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Bare infinitive
Loving heart

Wolfgang Drescher from Germany writes:

What is the difference between:

President Bush has announced a plan to help prevent the spread of the AIDS virus.
President Bush has announced a plan to help to prevent the spread of the AIDS virus.

Roger Woodham replies:
  The difference is one of form only. There is no difference in meaning.

to-infinitive or bare infinitive

Help is a verb that can be used with or without to and with or without an object before the infinitive. When we use it without an infinitive it sometimes sounds more informal. Compare the following:

  • Could you help me to look for my car keys? I can't find them anywhere.

  • Could you help me look for my car keys? I can't find them anywhere.

  • Would you like to help to cook dinner tonight? It's late and I'm feeling tired.

  • Would you like to help cook dinner tonight? It's late and I'm feeling tired.

There are one or two other structures where to-infinitive and the bare infinitive are both possible. Expressions with do or did, such as what I've done or all I did can follow either pattern.

  • I hate shopping so what I've done is (to) order a new computer over the Internet.

  • All I did was (to) suggest that she should lend him no more money. I didn't insist on it.

When two infinitive structures are connected by and, or or, except or but and than or as, it is normal practice to omit to in the second clause. Compare the following:

  • I would like you to tidy the house and (to) wash the dishes before I get home.

  • Would you prefer to have a snack now or (to) wait until later before we eat?

  • I could find nothing to do this afternoon, except read my book.
    My son does nothing but watch TV when he gets home from school.

  • It's quicker to bike to the station rather than take the car.

  • I have to fix breakfast for everybody as well as take the children to school before I can leave for work.

Bare infinitive only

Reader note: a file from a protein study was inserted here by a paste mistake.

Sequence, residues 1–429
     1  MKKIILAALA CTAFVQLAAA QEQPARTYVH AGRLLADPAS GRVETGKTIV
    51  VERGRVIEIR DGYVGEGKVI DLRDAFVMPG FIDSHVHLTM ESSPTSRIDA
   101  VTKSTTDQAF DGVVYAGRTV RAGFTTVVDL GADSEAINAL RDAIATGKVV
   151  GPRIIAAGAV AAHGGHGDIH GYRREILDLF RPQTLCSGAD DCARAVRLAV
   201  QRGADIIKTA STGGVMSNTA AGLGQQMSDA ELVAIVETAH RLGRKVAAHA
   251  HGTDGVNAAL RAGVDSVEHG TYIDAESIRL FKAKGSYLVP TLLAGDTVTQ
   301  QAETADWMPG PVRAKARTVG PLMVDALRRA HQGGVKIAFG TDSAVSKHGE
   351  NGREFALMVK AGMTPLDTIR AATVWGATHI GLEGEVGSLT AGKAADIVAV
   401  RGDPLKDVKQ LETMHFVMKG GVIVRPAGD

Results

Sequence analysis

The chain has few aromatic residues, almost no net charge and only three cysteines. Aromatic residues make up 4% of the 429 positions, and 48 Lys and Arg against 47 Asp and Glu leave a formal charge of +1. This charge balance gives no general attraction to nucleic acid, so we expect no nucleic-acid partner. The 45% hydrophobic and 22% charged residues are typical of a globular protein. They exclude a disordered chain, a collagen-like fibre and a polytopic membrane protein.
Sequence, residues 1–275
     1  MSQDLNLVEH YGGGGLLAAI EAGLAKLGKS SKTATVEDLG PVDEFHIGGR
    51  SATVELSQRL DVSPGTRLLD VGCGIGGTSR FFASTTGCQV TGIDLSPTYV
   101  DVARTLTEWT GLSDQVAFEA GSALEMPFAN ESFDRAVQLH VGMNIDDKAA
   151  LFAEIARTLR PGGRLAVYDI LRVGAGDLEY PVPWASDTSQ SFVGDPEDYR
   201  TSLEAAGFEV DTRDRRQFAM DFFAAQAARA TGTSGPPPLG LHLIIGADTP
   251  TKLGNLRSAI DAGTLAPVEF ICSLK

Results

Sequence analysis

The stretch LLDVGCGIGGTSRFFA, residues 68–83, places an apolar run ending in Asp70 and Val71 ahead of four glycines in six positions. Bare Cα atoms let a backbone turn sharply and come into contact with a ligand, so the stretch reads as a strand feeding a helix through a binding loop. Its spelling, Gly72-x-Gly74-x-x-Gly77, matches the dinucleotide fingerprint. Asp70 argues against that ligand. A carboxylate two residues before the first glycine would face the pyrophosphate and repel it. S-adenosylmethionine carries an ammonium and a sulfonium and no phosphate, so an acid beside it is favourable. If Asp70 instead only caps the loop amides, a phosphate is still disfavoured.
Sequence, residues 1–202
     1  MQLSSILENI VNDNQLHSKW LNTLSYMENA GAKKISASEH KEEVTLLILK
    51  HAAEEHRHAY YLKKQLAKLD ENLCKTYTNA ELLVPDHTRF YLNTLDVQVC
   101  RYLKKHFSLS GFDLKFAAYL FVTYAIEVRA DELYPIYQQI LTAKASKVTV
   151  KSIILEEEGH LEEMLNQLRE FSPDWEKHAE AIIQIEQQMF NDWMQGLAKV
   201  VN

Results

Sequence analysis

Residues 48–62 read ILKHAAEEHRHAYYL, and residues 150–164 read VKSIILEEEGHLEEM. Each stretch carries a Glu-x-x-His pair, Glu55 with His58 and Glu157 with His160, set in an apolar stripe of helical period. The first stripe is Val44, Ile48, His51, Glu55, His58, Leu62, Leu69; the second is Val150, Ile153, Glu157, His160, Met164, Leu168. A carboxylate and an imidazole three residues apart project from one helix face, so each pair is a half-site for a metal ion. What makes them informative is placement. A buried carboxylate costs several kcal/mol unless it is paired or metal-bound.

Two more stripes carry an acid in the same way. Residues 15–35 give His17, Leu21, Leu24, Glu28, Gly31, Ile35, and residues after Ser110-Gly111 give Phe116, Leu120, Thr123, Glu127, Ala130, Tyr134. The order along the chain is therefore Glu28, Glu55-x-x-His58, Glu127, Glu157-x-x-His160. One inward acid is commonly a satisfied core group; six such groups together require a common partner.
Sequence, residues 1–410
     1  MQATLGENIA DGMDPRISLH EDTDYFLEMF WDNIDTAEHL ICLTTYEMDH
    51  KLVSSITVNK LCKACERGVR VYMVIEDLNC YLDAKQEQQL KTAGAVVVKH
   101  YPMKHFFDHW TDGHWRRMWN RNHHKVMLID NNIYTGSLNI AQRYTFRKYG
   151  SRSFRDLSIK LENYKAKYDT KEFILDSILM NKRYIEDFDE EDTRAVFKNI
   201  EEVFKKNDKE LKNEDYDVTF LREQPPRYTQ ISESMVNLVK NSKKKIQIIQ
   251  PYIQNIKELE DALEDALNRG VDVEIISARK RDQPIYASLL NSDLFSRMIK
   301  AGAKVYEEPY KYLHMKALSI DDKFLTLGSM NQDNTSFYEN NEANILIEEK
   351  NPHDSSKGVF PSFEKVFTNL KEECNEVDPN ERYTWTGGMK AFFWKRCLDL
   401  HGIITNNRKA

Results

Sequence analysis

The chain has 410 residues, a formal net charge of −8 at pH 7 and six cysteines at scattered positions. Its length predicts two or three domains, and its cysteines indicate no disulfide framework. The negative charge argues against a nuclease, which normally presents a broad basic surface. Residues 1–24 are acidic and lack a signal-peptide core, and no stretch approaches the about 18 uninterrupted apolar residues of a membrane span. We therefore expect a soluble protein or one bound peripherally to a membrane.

Generally speaking, bare infinitive structures are much less common than to-infinitive structures, but after certain verbs they are necessary.

We use the infinitive without to after modal auxiliary verbs will, shall, would, could, can (but not be able to), may, might, must (but not have to), should (but not ought to), and needn't, (but not need to, which behaves like a normal verb). Compare the following:

  • I can't agree with you on this, though I would like to be able to help you.

  • You must finish your own work before you go out, but you don't have to help your sister.

  • It will be hot and sunny today so you should put on plenty of sunscreen and you ought to wear a hat.

  • He needn't take time off work, but he needs to rest in the evenings and get a good night's sleep before he sets off on the new expedition.

After the object after certain verbs, such as hear, see, make, let, there is no to:

  • I saw him pour the medicine down the loo and I heard him laugh to himself.

  • I cannot make you take this medication, I can only ask you to take it.

  • I can't let you go to bed hungry. You must let me prepare you some supper.

After verbal idioms would rather and had better there is no to:

  • I'd rather swim in the pool than go down to the beach.
    Geoffrey has just driven up in his car. You'd better see what he wants.

All of these, however, represent exceptions to the general rule. Most infinitive structures begin with to:

  • I decided to leave work early. I intended to be home before six. And I had arranged to play tennis with Joan in the evening.

If you would like more practice more please visit our Message Board in the You, Me and Us part of our website.

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